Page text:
This article seeks to examine the use patterns of Facebook by Midlands State University (MSU) students as a communication tool from 2012 to 2013. It focuses on MSU students in Zimbabwe focusing on how social media networks such as Facebook can be used by university students to communicate academic, social and political issues in their day to day lives. Again, this will reflect on the efficiency and cultural impact that Facebook has in the academic world, particularly in Zimbabwe. The article will respond to issues such as: assessing the behaviour, attitude of the students themselves, and impediments they encounter when using social network sites such as Facebook. It will also analyse the uses of Facebook among college students as way of gratifying their needs, which include: establishing relationships socially and communicating with friends and family members. The article will be informed by such theories as information theory, electronic colonialism theory and the uses and gratifications theory. Only few students with access to it and with solid technological background to utilise it for social, academic and political issues maximise its availability. Facebook combines sound, still and moving images that can be used for social identity, apart from academic research and communication purposes. The article will be subjected to both qualitative and quantitative research methods. Therefore, unstructured and structured questionnaires, together with informal interviews will be used as data collecting techniques.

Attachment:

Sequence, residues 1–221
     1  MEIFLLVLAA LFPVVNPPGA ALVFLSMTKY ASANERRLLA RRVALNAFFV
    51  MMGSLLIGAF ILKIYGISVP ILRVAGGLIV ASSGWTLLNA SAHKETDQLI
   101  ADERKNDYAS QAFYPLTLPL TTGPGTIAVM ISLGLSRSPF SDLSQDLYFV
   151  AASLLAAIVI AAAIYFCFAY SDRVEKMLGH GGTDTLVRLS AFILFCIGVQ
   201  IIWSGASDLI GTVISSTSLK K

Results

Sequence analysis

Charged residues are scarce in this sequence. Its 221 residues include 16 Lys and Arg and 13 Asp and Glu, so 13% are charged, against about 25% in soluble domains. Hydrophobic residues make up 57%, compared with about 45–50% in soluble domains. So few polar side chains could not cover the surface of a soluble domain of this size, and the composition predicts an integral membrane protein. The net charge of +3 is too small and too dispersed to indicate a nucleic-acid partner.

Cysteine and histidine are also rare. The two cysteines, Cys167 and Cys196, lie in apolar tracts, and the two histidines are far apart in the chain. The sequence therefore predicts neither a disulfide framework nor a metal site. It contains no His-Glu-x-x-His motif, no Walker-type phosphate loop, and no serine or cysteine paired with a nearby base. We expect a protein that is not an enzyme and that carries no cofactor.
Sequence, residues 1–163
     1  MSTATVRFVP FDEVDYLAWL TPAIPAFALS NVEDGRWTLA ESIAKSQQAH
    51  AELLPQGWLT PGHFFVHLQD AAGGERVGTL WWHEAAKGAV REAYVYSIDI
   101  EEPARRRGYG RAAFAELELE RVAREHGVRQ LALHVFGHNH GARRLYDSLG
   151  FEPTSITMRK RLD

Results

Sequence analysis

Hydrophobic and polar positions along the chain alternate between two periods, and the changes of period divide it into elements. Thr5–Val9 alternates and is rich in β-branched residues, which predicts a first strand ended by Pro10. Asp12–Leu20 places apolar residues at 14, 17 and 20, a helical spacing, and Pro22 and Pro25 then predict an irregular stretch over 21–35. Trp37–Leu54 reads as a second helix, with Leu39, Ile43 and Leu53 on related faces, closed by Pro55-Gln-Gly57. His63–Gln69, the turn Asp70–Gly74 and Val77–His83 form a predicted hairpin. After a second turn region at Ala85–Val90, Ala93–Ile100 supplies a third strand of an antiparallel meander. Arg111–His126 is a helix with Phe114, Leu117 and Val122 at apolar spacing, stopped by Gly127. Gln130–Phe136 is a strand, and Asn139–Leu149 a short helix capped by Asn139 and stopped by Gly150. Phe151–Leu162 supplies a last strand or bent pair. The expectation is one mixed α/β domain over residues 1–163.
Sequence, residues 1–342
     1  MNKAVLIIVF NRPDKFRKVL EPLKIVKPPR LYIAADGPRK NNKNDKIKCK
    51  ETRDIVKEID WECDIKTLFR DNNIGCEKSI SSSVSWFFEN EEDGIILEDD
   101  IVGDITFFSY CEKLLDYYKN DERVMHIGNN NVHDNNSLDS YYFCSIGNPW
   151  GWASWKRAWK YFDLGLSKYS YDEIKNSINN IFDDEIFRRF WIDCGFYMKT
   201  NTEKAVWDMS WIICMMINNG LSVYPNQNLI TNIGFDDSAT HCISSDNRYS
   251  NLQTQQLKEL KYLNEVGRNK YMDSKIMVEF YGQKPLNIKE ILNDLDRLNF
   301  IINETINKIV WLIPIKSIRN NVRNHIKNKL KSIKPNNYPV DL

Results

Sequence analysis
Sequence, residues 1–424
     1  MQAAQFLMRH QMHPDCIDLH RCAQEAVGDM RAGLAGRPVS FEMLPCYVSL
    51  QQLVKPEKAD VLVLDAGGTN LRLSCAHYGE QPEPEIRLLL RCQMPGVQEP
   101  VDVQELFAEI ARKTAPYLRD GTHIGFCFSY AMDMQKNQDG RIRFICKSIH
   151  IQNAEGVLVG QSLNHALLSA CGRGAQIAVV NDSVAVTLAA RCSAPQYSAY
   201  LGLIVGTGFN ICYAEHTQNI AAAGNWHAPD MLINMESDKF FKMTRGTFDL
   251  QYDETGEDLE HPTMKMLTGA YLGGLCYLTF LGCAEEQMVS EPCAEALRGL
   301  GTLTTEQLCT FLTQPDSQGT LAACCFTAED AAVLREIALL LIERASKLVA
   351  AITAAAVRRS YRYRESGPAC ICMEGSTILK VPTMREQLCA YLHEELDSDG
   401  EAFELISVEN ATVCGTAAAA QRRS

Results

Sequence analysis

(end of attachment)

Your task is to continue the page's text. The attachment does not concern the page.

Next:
Key words: Communication, social cognitive theory, electronic colonialism, gratification, social networking sites, Facebook, users, wall-posting, behaviour and attitude.
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